Finding Your Passion When You Don’t Know What You Want

by Barrie Hopson on February 28, 2010 · 2 comments

in Motivated Skills,passion

I came across this posting from Janet Cranford in the US and liked it so much I asked her if we could use it as a guest posting to which she has agreed. Her site is well worth looking at as she is an experienced Career and Life Transition Coach focusing on the over 50’s which as you know is my other abiding passion.

“I recently saw the movie, Julie and Julia. In the movie, Julia Child has no idea what she wants to do, after being relocated to Paris with her husband. She finally realizes the one thing she likes is food and decides to explore her interest through cooking lessons.  As she makes a commitment to her new path, opportunities start to arise. Things don’t always happen quickly or smoothly, but it’s clear she’s found her calling. Even when an instructor tells her she’ll never be a good chef, she remains determined to make it work. She might not have discovered her passion if she hadn’t allowed herself to follow her love for French food where it led.

The key to any successful career change is to know what you want.

By the time you reach 40 or 50, you may have lost touch with yourself. You may not even know what you like or dislike. This can happen over a lifetime of: (1) trying to please others, (2) submerging yourself in jobs that aren’t a good fit, and… (3) forgetting how to listen to your own heart. I’m familiar with all three.

What I finally discovered (much to my relief) is that finding your passion is a process. Most people do not have this wonderful epiphany that reveals to them their one true passion or purpose in life. It’s more a matter of growing or evolving into it, kind of like The Velveteen Rabbit. The secret is to follow those little inklings, those interests, however insignificant they seem.

Curiosity can be a great roadmap to finding your passion.

Here are ten things you can do to get back in touch with what you want:

1. Try The Artist’s Way. You don’t have to be an artist to benefit from this 12-week program, which includes setting weekly “dates” with yourself to help you find inspiration and experience life more directly again.

2. Spend a few hours in a bookstore. Which sections do you gravitate toward? Which books attract you? I find when I enter a bookstore with the intention of finding answers to something I’m struggling with, I’m often “magically” drawn to exactly what I need.

3. Unplug. Turn off the TV, the iPod, the internet. Learn to listen to your inner voice again. Getting away from all those other voices helps me reconnect with my own.

4. Follow your heart. Carol McClelland, founder of Green Career Central and author of Your Dream Career For Dummies, and the new Green Careers For Dummies, suggests we may need to reconnect with what we like and don’t like. Learn what your heart is telling you by paying attention to the physical sensations you feel when you’re either attracted to or repelled by something.

5. Start something, anything. As you get on the path toward discovering what you want, opportunities have a way of developing. People start to show up. Commit to something and start it. When you choose something, you avoid the trap of having too many options paralyze you and keep you from moving forward.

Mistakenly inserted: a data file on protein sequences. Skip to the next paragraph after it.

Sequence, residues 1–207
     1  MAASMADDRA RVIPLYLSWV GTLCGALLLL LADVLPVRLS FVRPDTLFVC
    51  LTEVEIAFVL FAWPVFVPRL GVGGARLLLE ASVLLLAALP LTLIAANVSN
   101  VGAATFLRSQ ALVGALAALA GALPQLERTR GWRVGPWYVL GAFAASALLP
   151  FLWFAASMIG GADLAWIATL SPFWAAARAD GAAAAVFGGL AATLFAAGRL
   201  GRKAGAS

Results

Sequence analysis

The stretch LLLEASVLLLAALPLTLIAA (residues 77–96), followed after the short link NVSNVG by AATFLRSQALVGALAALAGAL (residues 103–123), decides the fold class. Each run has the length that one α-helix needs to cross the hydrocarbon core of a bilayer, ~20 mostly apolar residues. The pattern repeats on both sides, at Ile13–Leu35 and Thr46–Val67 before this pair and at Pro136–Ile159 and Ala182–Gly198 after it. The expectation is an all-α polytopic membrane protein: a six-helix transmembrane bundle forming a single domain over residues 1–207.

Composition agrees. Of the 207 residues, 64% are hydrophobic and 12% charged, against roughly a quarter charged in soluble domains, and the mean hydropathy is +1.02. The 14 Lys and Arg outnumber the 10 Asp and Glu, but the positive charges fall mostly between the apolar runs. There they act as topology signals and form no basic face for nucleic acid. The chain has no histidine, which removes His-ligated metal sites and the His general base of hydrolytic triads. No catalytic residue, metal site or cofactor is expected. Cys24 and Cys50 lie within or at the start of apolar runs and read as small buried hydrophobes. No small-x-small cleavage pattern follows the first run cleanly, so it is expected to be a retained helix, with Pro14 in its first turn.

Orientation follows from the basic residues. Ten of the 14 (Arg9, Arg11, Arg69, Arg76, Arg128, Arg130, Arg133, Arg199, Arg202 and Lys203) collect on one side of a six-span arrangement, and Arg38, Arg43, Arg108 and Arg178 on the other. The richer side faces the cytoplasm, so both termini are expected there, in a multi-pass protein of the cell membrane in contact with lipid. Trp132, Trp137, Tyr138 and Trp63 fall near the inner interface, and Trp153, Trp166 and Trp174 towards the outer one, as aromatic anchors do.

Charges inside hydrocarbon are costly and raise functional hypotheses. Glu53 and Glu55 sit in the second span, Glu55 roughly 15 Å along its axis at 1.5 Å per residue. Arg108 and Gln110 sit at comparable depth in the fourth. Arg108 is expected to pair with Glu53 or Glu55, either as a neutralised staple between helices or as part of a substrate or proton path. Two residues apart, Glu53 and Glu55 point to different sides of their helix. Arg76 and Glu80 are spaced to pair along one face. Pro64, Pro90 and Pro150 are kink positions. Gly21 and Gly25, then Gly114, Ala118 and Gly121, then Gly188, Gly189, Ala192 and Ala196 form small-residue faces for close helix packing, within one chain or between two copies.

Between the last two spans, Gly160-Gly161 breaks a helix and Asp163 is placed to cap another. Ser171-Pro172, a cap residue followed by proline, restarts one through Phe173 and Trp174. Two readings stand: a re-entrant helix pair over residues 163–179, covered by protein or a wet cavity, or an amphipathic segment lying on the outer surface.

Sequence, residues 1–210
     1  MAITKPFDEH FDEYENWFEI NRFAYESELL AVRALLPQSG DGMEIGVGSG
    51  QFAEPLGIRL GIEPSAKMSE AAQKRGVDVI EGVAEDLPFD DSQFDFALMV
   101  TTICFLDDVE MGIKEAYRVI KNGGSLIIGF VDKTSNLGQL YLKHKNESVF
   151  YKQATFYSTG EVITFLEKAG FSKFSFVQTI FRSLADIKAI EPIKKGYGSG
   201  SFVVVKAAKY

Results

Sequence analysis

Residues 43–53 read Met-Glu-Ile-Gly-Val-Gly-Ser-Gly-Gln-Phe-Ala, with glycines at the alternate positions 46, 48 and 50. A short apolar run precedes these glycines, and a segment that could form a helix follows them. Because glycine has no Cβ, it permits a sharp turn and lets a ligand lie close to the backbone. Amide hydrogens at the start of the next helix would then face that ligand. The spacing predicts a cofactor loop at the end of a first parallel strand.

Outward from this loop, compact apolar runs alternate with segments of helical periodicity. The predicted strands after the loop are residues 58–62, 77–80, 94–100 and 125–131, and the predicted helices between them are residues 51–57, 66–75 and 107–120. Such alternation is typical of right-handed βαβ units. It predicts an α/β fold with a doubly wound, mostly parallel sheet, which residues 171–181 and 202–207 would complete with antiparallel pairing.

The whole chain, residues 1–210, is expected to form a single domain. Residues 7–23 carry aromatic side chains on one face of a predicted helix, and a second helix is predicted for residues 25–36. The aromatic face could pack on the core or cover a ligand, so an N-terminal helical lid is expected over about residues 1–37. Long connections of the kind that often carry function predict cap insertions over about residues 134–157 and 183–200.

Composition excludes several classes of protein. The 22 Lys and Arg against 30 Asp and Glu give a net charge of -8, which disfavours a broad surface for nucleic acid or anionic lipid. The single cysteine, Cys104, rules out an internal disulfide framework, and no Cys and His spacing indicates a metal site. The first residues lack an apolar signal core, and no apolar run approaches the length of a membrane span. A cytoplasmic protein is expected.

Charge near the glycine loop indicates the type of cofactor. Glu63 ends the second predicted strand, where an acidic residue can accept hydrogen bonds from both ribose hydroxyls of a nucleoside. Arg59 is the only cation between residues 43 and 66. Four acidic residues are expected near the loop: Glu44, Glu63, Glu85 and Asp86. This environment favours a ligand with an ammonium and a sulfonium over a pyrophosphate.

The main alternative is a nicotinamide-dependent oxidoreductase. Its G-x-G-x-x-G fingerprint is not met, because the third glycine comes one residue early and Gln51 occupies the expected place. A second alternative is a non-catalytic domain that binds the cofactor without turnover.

6. Brainstorm. What do you spend time enjoying and doing? Suspend all judgment here. Just let yourself list ideas. What do you collect, what books are on your shelves?

7. Experiment with your small inklings. It’s tempting to dismiss an idea as unrealistic, but before you do, give it a chance and try it out. Sometimes you may not be aware of an interest until you actually do it. Your greatest talent or strength could be something you take for granted or don’t think of as a potential career worth pursuing.

8. Trust! That your heart and intuition already know the answers and already know what you want. Allow yourself some time! And remember – Julia Child and you aren’t the only late bloomers.

9. Keep looking, keep moving. Get out there and meet people. Take a class in whatever interests you. Treat this as a journey, following the tracks where they lead.

10. Be open. To possibilities, new roads, new opportunities. Be patient with yourself. Instead of trying to analyze or think it through like a puzzle, try taking one action today. Once again, the answers are not going to be found in your head. Look to your heart and your intuition.

As you start to follow your inklings, keep in mind when finding your passion that no one can tell you what to do. For your career to be authentic, it has to come from you.

What inkling will you follow today?”

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{ 2 comments… read them below or add one }

1 Janet Cranford March 2, 2010 at 1:20 pm

Barrie, thank you for mentioning my article on your blog! Being clear about about what you want is so important when changing careers, and especially after 50. ~ Janet

2 school grants June 7, 2010 at 9:08 am

It’s posts like this that keep me coming back and checking this site regularly, thanks for the info!

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